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Science [&] Technology Netherlands (NL)


It has become abundantly clear during the COVID-19 pandemic that environmental factors can be important in the emergence, spread, health impact, social political response, and socioeconomic recovery plan from Sars-Cov-2/COVID-19. Having tools available to study the impact of the environment for this pandemic and future pandemics is important to increase preparedness and curtail future societal and economic costs. However, despite the fact that many useful data sources are existing, it remains a tremendous challenge for scientists to combine all these data for their research.

The various satellite missions of the European Space Agency (ESA) have led to a plethora of data assets. These assets are publicly available and are used in many scientific projects. The relation between well-being and changes in our habitat require data about our living environment. These data can be reliably and effectively collected using earth observation instruments such as satellites. These satellite data are available from data stores that have been developed by ESA or their operational organisations. For many of the data stores a historical archive is available as well.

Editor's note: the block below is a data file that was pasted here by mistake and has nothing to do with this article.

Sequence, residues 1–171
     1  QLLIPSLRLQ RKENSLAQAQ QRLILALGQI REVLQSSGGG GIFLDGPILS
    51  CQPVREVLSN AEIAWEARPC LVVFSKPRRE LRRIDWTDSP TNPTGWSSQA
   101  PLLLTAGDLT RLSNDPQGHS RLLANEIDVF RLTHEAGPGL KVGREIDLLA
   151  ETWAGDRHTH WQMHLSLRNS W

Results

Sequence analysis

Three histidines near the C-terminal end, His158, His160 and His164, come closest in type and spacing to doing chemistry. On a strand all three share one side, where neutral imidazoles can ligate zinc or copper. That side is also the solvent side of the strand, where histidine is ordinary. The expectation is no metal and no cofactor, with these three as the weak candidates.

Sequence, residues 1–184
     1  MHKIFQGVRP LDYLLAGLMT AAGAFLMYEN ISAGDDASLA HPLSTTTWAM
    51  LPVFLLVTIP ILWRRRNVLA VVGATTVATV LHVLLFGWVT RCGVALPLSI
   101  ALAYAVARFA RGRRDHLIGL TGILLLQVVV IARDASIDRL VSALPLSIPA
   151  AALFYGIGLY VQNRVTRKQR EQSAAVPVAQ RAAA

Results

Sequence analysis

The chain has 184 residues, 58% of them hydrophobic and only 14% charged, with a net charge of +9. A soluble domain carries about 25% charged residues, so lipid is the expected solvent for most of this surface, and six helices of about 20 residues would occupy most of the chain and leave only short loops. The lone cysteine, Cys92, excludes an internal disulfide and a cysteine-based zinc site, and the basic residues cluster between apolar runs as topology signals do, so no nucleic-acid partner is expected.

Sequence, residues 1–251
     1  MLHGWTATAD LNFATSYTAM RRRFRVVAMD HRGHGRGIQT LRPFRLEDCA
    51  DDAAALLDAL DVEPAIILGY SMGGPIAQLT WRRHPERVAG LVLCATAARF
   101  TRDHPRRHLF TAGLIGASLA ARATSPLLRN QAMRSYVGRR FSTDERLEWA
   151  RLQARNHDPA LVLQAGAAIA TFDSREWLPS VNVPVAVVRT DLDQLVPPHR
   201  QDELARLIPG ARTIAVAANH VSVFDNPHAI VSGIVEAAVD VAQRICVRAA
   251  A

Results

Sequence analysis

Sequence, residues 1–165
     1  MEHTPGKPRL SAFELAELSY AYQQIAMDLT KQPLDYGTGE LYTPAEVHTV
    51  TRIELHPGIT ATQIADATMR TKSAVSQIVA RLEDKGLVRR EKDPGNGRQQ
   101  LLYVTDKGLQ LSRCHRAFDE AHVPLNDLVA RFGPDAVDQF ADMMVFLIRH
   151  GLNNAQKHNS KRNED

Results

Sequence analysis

Even though the data from the various missions are reliable and timely stored in these data stores, their usability for research on the relation between our well-being and our living environment is somehow limited. This is caused by a number of factors. First of all data is not easily accessible to epidemiologists, since they lack specific knowledge on data stores, file formatting standards, etc. In addition, epidemiological research often requires derived data rather than the data stored. And finally, the data stores from ESA and other providers have not been designed with the idea that data can be combined; linking atmospheric data to land cover maps is not a simple query.

ESADEMICS aims at making a number  of air quality, water quality and mismanaged waste data sources available that are relevant for epidemiological use cases. The focus of this project is to combine a set of relevant data sources from (amongst others) ESA and develop methods to link these different data sources related to air quality, water quality, and mismanaged waste on geolocation and time period. These methods hide the complexity from the epidemiologists to deal with different spatial and time scales of the different data sources. The resulting data set can be retrieved and combined with other data sources (population health data) in their statistical environment.



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Science [&] Technology Netherlands (NL)
  • 52impact (NL)